From the policy blog

Creating thinking necessary to change culture.

Published on:Fri, 21 Jun 2019 17:38:11 +0000
Category: Uncategorized

Francis S. Collins, director of the National Institutes of Health, announced in a statement last week that he will no longer participate in panels that are not diverse.  Collins noted that women and members of underrepresented groups are “conspicuously missing” from high-level speaker slots and said that it is “time to end the tradition in science of all-male speaking panels, sometimes wryly referred to as ‘manels.’” This move by Collins was clever. He used his platform as the leader of...

Read More Read More

Science policy weekly roundup: June 21, 2019

Published on:Fri, 21 Jun 2019 13:15:20 +0000
Category: Animal Research

Members of Congress question use of nonhuman primates in research Members of the U.S. House of Representatives introduced a provision in the fiscal year 2020 funding bill to increase oversight of nonhuman primate use in research funded by the National Institutes of Health and the U.S. Food and Drug Administration.  The legislation mandates that the NIH and FDA report how its scientists are using nonhuman primates in their research. While animal rights advocates support this policy, scientists are worried that...

Read More Read More

Previous Next 

From ASBMB Today

April 2018 - We want you to be apart of #ASBMBHillDay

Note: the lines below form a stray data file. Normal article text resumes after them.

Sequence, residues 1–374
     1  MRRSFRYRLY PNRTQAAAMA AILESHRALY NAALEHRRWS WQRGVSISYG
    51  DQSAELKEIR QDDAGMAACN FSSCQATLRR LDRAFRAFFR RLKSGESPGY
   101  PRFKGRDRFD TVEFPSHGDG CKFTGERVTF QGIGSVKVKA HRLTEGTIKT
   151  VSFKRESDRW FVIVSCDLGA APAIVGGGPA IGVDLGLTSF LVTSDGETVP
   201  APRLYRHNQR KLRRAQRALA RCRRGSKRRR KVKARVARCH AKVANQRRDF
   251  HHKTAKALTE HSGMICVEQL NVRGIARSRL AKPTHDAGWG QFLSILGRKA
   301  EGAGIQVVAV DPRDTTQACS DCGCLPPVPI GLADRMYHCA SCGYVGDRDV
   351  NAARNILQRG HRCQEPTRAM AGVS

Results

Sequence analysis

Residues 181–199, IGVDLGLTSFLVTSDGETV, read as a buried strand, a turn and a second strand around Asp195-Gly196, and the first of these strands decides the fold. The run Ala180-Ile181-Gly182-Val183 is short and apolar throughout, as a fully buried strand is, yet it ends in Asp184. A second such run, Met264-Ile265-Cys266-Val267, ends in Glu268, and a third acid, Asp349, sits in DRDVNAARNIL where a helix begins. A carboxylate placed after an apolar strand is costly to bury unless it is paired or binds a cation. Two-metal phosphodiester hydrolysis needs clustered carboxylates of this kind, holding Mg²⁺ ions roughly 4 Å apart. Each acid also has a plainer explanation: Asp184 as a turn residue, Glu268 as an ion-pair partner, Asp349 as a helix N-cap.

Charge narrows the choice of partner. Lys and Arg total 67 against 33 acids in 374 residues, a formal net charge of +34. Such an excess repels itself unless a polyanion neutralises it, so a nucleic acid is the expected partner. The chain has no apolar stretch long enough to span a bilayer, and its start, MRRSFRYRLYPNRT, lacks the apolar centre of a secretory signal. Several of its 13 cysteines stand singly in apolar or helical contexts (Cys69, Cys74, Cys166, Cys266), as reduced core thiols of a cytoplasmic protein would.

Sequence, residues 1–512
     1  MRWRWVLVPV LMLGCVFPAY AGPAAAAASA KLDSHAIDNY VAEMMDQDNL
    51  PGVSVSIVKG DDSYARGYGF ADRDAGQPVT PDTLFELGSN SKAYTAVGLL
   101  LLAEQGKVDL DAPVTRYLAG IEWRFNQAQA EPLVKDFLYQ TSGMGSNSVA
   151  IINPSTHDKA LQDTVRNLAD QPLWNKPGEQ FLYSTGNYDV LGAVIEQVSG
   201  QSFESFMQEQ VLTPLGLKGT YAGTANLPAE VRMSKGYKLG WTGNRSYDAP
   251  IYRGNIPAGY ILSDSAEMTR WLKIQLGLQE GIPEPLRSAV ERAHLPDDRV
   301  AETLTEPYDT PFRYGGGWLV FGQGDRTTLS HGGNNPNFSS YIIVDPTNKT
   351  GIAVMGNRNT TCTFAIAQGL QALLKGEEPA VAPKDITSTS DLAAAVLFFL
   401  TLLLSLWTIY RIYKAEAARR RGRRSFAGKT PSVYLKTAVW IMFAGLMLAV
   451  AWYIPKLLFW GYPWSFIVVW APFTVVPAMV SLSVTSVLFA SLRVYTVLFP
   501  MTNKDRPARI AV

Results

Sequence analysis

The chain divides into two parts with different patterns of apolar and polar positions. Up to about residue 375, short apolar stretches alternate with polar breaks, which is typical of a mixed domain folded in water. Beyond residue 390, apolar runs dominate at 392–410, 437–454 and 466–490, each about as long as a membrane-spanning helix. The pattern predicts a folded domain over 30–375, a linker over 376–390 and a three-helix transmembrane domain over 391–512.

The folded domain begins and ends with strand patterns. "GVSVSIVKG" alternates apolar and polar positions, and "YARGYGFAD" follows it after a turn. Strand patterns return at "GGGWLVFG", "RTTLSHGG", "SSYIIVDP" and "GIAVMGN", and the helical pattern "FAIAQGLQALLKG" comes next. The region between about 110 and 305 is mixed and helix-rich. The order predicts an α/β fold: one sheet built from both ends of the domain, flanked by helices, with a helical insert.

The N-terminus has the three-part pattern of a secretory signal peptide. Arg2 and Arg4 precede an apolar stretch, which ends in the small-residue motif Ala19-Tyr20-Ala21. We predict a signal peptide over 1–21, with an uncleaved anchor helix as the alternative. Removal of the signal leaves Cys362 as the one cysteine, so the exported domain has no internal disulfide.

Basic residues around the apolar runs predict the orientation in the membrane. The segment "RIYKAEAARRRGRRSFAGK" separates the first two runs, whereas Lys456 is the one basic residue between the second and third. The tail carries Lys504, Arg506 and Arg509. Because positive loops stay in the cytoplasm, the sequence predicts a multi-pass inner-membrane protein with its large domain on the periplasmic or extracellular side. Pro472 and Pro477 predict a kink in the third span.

Members of the Public Affairs Advisory Committee and 20 student scientists from across the country will descend on Washington this month for the American Society for Biochemistry and Molecular Biology’s Capitol Hill Day. Hill Day is one of our most exciting events. We will take thousands of steps in the marble hallways of Capitol Hill, attending more than 100 meetings with elected officials and their staffs all in one fast-paced day. Participants will discuss the need for increased and sustainable funding for the scientific enterprise and for Congress to put forth a legislative agenda to ensure a fertile environment for American science. Read more here.  

March 2018 - Appropriations season - what we want and how to help

As the calendar turns to March, appropriations season begins on Capitol Hill and advocates from every constituency kick their efforts into high gear. The American Society for Biochemistry and Molecular Biology is no different, and we enter this spring with an invigorated interest in increasing the research budgets at the National Institutes of Health, the National Science Foundation and the Department of Energy’s Office of Science. For fiscal year 2019, we are calling on Congress to increase federal investments in the life sciences by 8 percent at all agencies. Particularly of interest to the ASBMB community is that this would mean an increase of $2.6 billion to the NIH, $600 million to the NSF and $430 million to the DOE’s Office of Science. Read more here.  

January 2018 - Planning for an active 2018

As 2017 turns to 2018, the Public Affairs Advisory Committee and your public affairs team look forward to an exciting year with new opportunities and programs to enhance the American Society for Biochemistry and Molecular Biology’s advocacy and science policy efforts. Read more here.

December 2017 - Looking back on a year of awakening

As 2017 winds to an end, we’re taking stock of what the year has delivered for the biomedical research community. We have had reasons to be frustrated, reasons to celebrate and reasons to scratch our heads. Let’s look back. Read more here.  

From ASBMB Today Archive